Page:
The State of Things (1982) 35mm print, rough at the beginnings and ends of reels - 7/10. A movie director (Patrick Bauchau) making a Sci-Fi feature near Lisbon runs out of filmstock and money and goes in search of his absconding producer. The picture is mostly about the down time of cast and crew, which gets old fast, even with Henri Alekan’s cake-and-icing photography. Things pick up when the director gets to LA, however, and circles in on his quarry. The producer is played with slimy aplomb by Alan Gorrwitz (Alan Garfield), who travels around in an RV singing a catchy song: "What did you do with your life, my friend/What did you do with your life, my friend/What did you do with your life, my friend/In Hollywood/In Hollywood/In Hollywood.“ I see the appeal. I could sing that for hours myself.


I did not like Wrong Move that much either, but State of the Things is excellent. Maybe his best film, one of the best German films ever.

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« Reply #14889 on: March 09, 2015, 04:38:39 PM »

The Killer Inside Me (2010) Director: Michael Winterbottom with Stars: Casey Affleck, Kate Hudson, Jessica Alba, Ned Beatty, with cameos from Elias Koteas and Bill Pullman, from the Jim Thompson novel.

Recently watched the 1976 version, this one is a uptick on the brutality scale and uses the novels 50's setting, but I didn't buy Jessica Alba's whore character Joyce Lakeland, she looked more sleepy than seductive way too skinny and too contemporary, 50's gals were curvier. Susan Tyrrell in 1976 was better but not ideal either. The rest of the cast was good better than 1976. Both versions are flawed. 7/10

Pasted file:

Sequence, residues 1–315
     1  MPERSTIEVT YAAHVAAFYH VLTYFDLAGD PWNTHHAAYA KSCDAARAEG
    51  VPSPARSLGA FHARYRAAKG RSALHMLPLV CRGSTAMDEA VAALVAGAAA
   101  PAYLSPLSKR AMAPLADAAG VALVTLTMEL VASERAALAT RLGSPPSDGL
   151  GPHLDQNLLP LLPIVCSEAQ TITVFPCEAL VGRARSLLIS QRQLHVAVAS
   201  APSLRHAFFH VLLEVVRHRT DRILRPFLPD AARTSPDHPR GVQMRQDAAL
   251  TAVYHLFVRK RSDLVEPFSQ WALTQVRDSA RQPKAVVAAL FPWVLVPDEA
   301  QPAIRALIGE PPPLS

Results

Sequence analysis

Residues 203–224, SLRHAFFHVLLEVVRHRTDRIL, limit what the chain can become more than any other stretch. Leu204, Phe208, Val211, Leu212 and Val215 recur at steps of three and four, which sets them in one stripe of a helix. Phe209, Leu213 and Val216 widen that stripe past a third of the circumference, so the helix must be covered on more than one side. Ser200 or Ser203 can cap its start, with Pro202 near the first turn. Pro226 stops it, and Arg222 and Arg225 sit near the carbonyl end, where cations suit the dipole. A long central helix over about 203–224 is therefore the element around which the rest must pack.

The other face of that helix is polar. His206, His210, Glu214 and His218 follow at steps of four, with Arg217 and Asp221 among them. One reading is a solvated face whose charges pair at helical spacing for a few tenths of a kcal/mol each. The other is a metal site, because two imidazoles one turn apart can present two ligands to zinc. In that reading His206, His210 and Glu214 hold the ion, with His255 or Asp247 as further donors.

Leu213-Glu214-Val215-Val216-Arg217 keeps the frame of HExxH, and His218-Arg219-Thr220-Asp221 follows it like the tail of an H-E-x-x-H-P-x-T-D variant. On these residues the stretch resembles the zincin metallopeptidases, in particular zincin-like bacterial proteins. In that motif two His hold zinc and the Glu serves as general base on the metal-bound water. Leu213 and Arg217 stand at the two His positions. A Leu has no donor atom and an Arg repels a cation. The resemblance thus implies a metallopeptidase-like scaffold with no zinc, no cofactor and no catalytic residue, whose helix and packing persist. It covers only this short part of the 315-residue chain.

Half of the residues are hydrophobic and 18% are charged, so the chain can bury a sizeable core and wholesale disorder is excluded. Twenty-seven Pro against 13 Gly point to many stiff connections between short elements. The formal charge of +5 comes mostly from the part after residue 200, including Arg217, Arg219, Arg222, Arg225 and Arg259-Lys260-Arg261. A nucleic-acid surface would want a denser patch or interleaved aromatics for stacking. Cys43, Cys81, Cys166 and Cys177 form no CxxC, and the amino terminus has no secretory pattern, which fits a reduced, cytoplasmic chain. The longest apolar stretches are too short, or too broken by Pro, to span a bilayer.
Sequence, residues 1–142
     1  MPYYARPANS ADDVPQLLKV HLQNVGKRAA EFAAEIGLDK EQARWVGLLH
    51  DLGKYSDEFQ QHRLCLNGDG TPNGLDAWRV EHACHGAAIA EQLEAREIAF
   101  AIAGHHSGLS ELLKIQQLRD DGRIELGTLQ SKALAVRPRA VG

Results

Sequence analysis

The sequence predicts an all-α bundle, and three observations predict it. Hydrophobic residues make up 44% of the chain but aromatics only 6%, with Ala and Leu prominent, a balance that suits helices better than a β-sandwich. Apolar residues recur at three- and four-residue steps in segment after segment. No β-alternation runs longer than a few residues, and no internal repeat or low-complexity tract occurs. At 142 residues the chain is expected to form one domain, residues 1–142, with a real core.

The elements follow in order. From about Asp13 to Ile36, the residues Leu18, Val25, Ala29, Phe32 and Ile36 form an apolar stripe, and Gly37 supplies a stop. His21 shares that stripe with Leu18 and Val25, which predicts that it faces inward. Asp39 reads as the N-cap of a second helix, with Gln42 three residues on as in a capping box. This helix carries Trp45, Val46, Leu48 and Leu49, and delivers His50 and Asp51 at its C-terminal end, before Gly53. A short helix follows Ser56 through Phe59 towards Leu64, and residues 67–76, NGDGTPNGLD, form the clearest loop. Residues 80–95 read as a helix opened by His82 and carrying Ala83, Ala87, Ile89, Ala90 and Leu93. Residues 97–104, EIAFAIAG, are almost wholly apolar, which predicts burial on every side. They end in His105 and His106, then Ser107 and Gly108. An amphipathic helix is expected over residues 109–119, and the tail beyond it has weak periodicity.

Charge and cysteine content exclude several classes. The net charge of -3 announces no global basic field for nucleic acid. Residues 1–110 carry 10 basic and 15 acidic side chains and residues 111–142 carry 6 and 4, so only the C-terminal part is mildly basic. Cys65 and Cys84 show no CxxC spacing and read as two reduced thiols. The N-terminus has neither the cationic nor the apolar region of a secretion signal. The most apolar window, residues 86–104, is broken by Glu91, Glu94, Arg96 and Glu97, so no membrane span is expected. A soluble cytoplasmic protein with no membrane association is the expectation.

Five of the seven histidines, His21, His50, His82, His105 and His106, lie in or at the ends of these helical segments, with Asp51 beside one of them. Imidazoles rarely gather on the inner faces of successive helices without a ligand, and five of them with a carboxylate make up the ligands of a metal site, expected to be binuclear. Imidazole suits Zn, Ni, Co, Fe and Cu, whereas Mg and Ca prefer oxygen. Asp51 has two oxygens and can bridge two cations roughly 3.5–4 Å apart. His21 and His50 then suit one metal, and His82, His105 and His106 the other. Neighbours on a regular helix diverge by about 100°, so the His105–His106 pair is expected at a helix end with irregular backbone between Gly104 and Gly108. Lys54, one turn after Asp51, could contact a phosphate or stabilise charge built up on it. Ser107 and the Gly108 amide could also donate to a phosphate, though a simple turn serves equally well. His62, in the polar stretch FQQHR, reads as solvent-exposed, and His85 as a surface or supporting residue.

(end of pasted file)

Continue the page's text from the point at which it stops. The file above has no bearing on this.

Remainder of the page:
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« Reply #14890 on: March 10, 2015, 10:02:26 AM »

I did not like Wrong Move that much either, but State of the Things is excellent. Maybe his best film, one of the best German films ever.
In 1983 it was my favorite Wenders also. But he made some better films subsequently. And I just discovered one of his best, The Goalie's Anxiety at the Penalty Kick.

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« Reply #14891 on: March 10, 2015, 10:15:49 AM »

Robbery (1967) - 6/10. Dull heist picture (based on the famous Mail Train Robbery). It has a few suspenseful bits, which is probably why Peter Yates was asked to direct Bullitt.

The Nightcomers (1972) - 4/10. Dull prequel to "The Turn of the Screw"/The Innocents. Even the few BDSM scenes can't liven things up. Brando does another one of his dodgy accents (Irish) and rambles on in several scenes because, no doubt, he couldn't be bothered to learn lines. Another Michael Winner catastrophe.

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« Reply #14892 on: March 10, 2015, 02:18:57 PM »

In 1983 it was my favorite Wenders also. But he made some better films subsequently. And I just discovered one of his best, The Goalie's Anxiety at the Penalty Kick.

I think I saw it as a child on TV, and never had a chance since then to revisit it. I hope this will change soon.

I like Paris Texas very much, and I love Wings of Desire (The Heaven above Berlin), it was a great decade for Wenders. Afterwards none of his films were really great, became often a bit dull and longish. But I haven't seen any of his documentaries.

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« Reply #14893 on: March 11, 2015, 06:16:46 AM »

Spring in a Small Town (1948) - 7/10. A classic of Chinese cinema, or so they tell me. The characters are all very stiff, even (dare I say?) ceremonial. The plot is nothing special--typical love-triangle fare--and bears an uncanny resemblance to Satyajit Ray's Charulata (1964).

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« Reply #14894 on: March 12, 2015, 10:36:51 AM »

Life of Riley (2014) - 6/10. Alain Resnais' final film, his third Alan Ayckbourn adaptation. Not particularly memorable.